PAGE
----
Eye Problem That May Indicate Alzheimer’s Needs Better Diagnosis, Say Researchers
A new study has unveiled crucial insights relating to posterior cortical atrophy, a condition that often signals the onset of Alzheimer's disease.
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In a study published in Lancet Neurology, a team led by UC San Francisco has unveiled crucial insights relating to posterior cortical atrophy (PCA), a condition that often signals the onset of Alzheimer's disease. This study, remarkable for its scale and international collaboration, collected data from over 1,000 patients across 36 sites in 16 countries, shedding light on a lesser-known aspect of Alzheimer's that primarily affects visual processing.
A commonly misdiagnosed symptom
PCA is a condition that produces visuospatial symptoms, rather than the typical memory issues associated with Alzheimer's, and is found in up to 10% of Alzheimer’s cases. In the new study, a striking 94% of PCA patients showed Alzheimer’s pathology, with the remainder having pathology indicating Lewy body disease and frontotemporal lobar degeneration. There’s only a 70% prevalence of Alzheimer's pathology in patients presenting with memory loss.
PCA's impact on patients is profound yet often misdiagnosed. Affected individuals struggle with spatial judgment, identifying movement and executing everyday tasks such as retrieving dropped items. Surprisingly, these difficulties occur despite normal eye exams. General cognition is unaffected early in PCA, but mild dementia symptoms often emerge by the time that patients are diagnosed – on average, this is nearly four years after symptoms first emerge. The average age of PCA onset is 59. This is several years younger than linked memory symptoms, which further complicates diagnosis.
Co-first author Dr. Marianne Chapleau, from UCSF's Department of Neurology, said that better diagnostic tools for PCA are needed. “Most patients see their optometrist when they start experiencing visual symptoms and may be referred to an ophthalmologist who may also fail to recognize PCA,” she said. “We need better tools in clinical settings to identify these patients early on and get them treatment.”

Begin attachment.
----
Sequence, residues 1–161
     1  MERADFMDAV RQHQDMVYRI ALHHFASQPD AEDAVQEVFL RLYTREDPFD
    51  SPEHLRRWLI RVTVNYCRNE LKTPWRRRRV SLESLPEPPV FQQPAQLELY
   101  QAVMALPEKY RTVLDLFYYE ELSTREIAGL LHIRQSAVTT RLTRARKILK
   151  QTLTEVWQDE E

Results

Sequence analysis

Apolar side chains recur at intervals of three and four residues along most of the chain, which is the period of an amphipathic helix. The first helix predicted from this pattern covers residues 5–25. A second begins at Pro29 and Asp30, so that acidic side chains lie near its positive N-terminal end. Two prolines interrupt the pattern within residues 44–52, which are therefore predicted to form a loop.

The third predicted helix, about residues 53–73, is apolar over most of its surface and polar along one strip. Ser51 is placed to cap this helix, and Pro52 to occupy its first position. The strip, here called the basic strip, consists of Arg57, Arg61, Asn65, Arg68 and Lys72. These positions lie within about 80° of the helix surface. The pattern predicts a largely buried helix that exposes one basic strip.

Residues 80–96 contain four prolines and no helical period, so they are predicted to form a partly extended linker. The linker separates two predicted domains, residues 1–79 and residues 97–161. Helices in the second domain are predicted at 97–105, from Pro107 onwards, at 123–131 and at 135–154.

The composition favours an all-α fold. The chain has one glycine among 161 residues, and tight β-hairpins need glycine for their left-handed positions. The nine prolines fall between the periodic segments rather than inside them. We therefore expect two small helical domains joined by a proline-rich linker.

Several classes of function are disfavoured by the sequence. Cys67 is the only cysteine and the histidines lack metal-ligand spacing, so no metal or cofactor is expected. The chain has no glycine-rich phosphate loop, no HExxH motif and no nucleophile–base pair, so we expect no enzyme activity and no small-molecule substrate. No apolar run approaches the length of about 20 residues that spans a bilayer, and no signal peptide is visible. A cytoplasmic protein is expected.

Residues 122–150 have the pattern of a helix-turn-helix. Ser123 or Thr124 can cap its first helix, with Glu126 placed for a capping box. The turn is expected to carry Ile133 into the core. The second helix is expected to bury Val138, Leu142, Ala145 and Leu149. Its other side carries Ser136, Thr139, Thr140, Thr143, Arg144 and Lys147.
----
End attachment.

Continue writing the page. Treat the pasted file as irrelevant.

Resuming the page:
Better diagnosis, better treatment
Dr. Renaud La Joie, Chapleau’s colleague at UCSF and co-first author, said that early PCA detection could improve Alzheimer's treatment. The study found that PCA patients exhibit amyloid and tau levels akin to those in typical Alzheimer's cases, suggesting that they might benefit from emerging anti-amyloid and anti-tau therapies, which are thought to have superior effectiveness when given early in the disease’s course.
This research not only opens new avenues for patient care but also poses crucial questions for the scientific community. Senior author Gil Rabinovici, MD, director of the UCSF Alzheimer’s Disease Research Center, pointed out the necessity to understand why Alzheimer's targets visual rather than memory areas in the brain, noting the higher prevalence of PCA in women as a key area for future research.
Reference: Bejanin A, Villain N. Posterior cortical atrophy: new insights into treatments and biomarkers for Alzheimer’s disease. The Lancet Neurology. 2024;23(2):127-128. doi:10.1016/S1474-4422(23)00501-X